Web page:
3 to 5 Questions for Authors:
In Which A Librarian asks a Talented Author a Small Number of Questions
Courtney Maum is a contributor to the New York Times bestselling essay collection, “Worn Stories,” and the book reviewer for Electric Literature’s satirical “Celebrity Book Review.” She is also the author of the novel “I Am Having So Much Fun Here Without You,” which we are reading for Books & Brewskis this month, and we are sooooo excited to talk about it (and even snuck in a little teaser talk at the last meeting).
The publisher describes the book as: “a love story in reverse, set in Paris and London, a failed monogamist attempts to answer the question: Is it really possible to fall back in love with your spouse?” The B&Bers who’ve read it already (over-achievers!) describe it as: “funnnnny!” Read more about the IHSMFHWY here and our interview with Courtney below:
Q: How much research did you do for the setting of this book? Did you travel to Paris? Become familiar with the art world?
A: I lived in France for five years and am married to a French man, so all of the Paris stuff came from my own eyes and heart. As for the art world—the art world functions closely enough to the literary and fashion world for me to parody it. There’s always going to be an “It” artist; a flavor of the month. There are a lot of egos, a lot of mixing of hi-culture and lowbrow. And when I was in high school, I dabbled in art myself—I was really into oil painting and mixed media collage. I miss it, actually. I find making art very therapeutic.
A lot of the research I put into this book, though, I did as I went along. I’m obsessed with realistic details, so for example, when Richard goes on his “man date” with Harold, I did a lot of research into the actual cafés that were available in that area, to the layout of the strip mall and such, all the way down to the distance between the strip mall and the park. It’s probably not necessary for me to put that level of realism into the book, after all, it’s a novel, I could just make it up, but it’s comforting to me somehow. I want to believe that these people really exist in the world that we know.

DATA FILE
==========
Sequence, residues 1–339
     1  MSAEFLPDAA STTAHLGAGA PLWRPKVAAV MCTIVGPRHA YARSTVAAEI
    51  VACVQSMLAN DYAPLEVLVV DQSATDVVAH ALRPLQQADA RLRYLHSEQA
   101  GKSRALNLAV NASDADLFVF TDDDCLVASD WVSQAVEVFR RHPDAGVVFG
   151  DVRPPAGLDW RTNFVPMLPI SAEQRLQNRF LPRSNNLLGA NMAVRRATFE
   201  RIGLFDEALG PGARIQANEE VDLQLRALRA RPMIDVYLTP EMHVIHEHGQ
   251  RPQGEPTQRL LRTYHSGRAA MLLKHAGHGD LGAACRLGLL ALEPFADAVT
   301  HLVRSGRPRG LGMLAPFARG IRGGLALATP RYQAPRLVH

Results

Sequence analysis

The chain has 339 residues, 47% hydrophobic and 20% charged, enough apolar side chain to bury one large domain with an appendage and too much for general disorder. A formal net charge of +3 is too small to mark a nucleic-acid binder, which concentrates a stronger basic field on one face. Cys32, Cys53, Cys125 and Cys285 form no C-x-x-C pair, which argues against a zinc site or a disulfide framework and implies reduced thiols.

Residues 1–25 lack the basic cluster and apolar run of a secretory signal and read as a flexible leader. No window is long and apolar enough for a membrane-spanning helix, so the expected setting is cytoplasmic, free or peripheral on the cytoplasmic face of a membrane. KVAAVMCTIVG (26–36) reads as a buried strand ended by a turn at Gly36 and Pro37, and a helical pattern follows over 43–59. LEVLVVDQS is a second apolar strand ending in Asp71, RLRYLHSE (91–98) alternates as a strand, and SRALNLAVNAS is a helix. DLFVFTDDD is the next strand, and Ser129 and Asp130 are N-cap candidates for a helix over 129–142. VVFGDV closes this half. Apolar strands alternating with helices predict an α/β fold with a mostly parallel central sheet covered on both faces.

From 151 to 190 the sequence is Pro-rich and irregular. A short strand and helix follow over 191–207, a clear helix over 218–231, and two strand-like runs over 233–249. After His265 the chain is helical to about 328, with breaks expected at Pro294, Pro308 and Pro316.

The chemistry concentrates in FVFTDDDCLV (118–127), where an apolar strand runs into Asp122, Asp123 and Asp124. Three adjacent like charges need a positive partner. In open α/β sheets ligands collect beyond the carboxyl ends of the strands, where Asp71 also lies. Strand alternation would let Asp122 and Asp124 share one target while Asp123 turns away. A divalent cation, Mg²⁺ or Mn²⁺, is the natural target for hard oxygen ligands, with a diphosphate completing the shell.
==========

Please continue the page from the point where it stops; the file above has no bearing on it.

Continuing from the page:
Q: Your main character, Richard, can be pretty unlikable (although I did read an Amazon review where a reader said she kind of wanted to sleep with him). Is it harder to write or relate to an unlikable character?
A: Thanks for calling that review to my attention—I stay away from the cavern of online reviews, but I’m glad that Richard has a willing fan somewhere! Whether or not you like or relate to an unlikable character has to do with voice. I’m able to engage with nearly anything if I like the way a voice is written. For example, I just finished Martin Amis’ “Zone of Interest” which is written from the point of view of Nazis during the Second World War. And not the repentant kind. By making his narrators extra repelling, extra horrifying, by pushing them to the absolute limits of the vileness they already contain, Amis ended up creating an incredibly moving read. The book takes its power from the unlikability of its main characters. Because they’re so heinous, we’re afforded a view into the Holocaust that we’ve never seen.
As a writer, you have to like your narrators. I ended up feeling a lot of compassion for Richard—it makes sense to me, the mistakes that one can make when a marriage starts feeling stale. As for Amis, there is so much word play in “Zone of Interest”, I imagine he was able to keep going because the mechanics of writing that book were fun. The subject matter is horrible, but the writing of it—the over the top buoyancy of the language—must have fueled him along.
Q: Could you tell us a backstory detail about one of the characters that you didn’t include in the book?
A: Sure! In the first version, there was a mysterious architect named “Monsieur de Beaupuy” who ends up being the buyer of “The Blue Bear” painting that Richard did for his wife. The catalyst that got me to start writing “I Am Having So Much Fun Here Without You” in the first place was that I passed a handwritten note in the Paris gallery district that read, “Mr. Architect, you wanted to buy the Blue Bear and you were wearing an elegant hat. Please get in touch.” So the story started off with me asking, who is this architect? What is this Blue Bear? The entire first draft centered around the relationship between Richard and the architect. But it didn’t make the final cut!
Q: What’s the most creative thing you’ve done to dispel writer’s block? Did it work or fail miserably?
A: I don’t know if it’s creative, it’s more embarrassing than anything else, but I like to put on really cheesy music and dance around the house. I’m talking really cheesy, like One Direction. Sometimes it helps for me to listen to really manufactured music that has had a high level of commercial success. I’ll listen to the chord progressions, the song’s overall length, how quickly the song moves to the chorus, and I’ll get a notion of how my story should progress.
And, of course…
Q: If you were a Dewey Decimal number, what number would you be?
A: Just for the record, I had to look this up! I haven’t had to encounter the Dewey Decimal system since I was like five years old. I have absolutely no head for numbers, so I wouldn’t be one. I’d be the library card. The one with all the “due dates” on it in the back
Thanks Courtney! We can’t wait to discuss and celebrate the book on March 31 at The Filling Station Microbrewery and we look forward to reading more from you!